Young people were identified as missing a chance to explore their creative sides with implications for their personal and career development. Some felt that there is a need for a shift in values about young people having the time and space to develop their creativity and it would be useful to re-emphasise the many benefits this can bring to a person's career, personal development and their health and well being throughout their life.
The need for a strong vision and leadership was emphasised both for the sector and in Government. It was felt that the First Minister and other Scottish Ministers could push a stronger message on culture in all policy areas. The culture sector also needs a stronger collective voice.
Investment in culture
The main points made included that funding should ensure the sustainability of organisations and buildings and better facilitate risk taking that is needed for innovation; there should be equity between large and small organisations in accessing funding; there is a need to reduce bureaucracy around funding applications (including requirements to demonstrate progress on outcomes). Venture capitalism was suggested as a possible funding option that could be developed.
Cultural participation and access
Participants highlighted that there are still inequalities in participation/ access and elitism. There is scope to improve this by removing barriers to engagement and participation (with open, inclusive venues, and affordable events); and to widen access to include those who currently are not engaged, whilst respecting that other versions of culture and cultural participation exist (beyond the mainstream) and have value.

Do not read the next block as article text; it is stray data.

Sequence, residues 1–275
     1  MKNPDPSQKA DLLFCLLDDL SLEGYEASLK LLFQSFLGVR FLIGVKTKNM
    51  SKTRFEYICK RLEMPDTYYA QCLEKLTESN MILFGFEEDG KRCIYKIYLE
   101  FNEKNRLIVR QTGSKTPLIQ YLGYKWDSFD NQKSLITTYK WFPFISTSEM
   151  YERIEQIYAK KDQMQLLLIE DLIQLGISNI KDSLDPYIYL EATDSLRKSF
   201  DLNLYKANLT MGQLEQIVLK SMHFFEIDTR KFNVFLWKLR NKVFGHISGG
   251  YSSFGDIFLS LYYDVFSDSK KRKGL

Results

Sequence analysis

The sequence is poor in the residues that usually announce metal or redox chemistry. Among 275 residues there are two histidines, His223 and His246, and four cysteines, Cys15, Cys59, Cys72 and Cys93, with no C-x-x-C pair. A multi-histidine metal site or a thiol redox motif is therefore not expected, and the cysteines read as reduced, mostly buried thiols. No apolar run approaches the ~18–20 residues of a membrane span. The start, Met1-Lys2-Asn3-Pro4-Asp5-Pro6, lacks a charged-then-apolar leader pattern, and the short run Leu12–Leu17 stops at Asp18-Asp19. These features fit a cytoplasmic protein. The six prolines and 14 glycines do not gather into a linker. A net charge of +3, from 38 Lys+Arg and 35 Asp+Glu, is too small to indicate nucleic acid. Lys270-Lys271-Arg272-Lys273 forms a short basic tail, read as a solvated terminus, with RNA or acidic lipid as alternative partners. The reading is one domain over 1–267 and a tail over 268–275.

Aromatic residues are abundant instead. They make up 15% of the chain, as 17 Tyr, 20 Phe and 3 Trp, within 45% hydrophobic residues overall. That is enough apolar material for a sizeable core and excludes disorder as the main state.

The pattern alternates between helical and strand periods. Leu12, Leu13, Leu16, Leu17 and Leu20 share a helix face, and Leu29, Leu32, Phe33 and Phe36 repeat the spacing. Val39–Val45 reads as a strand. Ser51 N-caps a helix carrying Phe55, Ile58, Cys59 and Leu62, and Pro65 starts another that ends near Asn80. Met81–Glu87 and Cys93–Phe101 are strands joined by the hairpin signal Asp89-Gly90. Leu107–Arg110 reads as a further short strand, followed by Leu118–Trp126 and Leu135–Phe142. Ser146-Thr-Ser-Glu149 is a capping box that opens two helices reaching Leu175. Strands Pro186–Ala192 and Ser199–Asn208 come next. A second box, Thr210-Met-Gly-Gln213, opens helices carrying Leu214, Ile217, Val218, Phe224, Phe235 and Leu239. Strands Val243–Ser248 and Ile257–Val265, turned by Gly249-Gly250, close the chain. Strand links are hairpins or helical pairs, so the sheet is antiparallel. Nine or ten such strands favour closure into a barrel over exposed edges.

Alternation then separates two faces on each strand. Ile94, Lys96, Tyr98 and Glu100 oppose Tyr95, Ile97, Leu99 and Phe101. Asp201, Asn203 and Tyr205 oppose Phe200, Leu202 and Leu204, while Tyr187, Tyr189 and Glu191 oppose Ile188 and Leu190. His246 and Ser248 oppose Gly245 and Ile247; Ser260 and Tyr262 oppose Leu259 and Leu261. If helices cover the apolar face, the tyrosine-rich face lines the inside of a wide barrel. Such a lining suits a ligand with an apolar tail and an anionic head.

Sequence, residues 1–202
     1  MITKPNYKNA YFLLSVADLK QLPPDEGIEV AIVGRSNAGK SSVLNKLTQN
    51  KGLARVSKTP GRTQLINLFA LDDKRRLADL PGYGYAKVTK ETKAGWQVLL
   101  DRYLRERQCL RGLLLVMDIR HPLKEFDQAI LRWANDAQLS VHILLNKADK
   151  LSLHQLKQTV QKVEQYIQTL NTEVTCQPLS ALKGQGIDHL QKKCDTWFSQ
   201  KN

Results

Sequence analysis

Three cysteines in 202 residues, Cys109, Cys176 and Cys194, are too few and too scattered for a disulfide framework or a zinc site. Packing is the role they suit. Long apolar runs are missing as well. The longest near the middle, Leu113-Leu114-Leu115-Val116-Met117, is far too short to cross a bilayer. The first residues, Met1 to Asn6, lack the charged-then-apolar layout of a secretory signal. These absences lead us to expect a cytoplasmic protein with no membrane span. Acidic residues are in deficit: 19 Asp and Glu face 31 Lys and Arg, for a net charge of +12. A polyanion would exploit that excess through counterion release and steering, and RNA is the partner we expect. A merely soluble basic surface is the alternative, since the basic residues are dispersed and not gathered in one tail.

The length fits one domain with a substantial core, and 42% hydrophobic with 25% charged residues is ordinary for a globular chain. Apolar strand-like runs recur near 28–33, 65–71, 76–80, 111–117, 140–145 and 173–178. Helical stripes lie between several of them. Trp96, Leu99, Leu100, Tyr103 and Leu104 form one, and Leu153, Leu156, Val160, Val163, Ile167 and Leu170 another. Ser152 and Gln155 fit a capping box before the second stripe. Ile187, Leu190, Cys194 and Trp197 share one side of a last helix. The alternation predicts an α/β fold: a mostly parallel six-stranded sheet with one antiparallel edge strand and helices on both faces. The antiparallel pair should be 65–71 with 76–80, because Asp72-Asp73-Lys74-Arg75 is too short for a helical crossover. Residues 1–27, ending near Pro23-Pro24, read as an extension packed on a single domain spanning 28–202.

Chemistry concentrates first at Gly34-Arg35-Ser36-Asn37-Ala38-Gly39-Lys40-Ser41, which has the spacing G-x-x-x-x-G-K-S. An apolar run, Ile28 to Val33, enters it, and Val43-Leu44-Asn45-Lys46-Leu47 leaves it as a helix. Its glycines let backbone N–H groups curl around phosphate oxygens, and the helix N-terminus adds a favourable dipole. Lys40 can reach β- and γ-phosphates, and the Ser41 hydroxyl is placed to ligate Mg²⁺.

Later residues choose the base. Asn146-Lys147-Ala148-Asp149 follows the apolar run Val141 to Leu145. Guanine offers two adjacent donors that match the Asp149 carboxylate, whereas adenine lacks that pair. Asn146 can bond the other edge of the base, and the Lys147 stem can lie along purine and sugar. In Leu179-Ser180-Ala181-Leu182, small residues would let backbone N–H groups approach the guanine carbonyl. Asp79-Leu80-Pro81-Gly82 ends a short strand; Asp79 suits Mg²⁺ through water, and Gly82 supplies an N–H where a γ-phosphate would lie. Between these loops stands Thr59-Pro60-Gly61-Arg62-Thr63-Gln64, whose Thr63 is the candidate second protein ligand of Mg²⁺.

Cross-policy working and national outcomes
Participants felt that culture could play a more important role at the centre of government and should be integrated into other policies and strategies; Government could be better "joined up" to facilitate this. There needs to be better collaboration with partners across other policy sectors particularly health, education, finance, the third sector and community empowerment to sustain funding and achieve joint outcomes.
Evidence and impact
A number of participants said that there is a need for a more robust evidence base to demonstrate and better articulate the impact of culture on outcomes across other policy areas and sectors, and to promote culture as an enabler. However, some felt that the outcomes model was problematic for this sector: a new paradigm and approach is needed that de-emphasises "demonstrating impact".
The strategy should affirm that culture is a human right of the individual and of communities.
It is important to maintain an emphasis on the "community" aspect (as culture brings people together); activity should be community based and reflect local communities' interests.
Participants stressed that focus and activity should go beyond Scotland's central belt.
Scotland's place in the world
Scotland should be internationally recognised for our arts, cultures and languages. Culture could be a stronger part of Scotland's brand/identity. We should use our soft power more both at home and abroad and we should communicate more confidently to ourselves and externally about our cultural successes.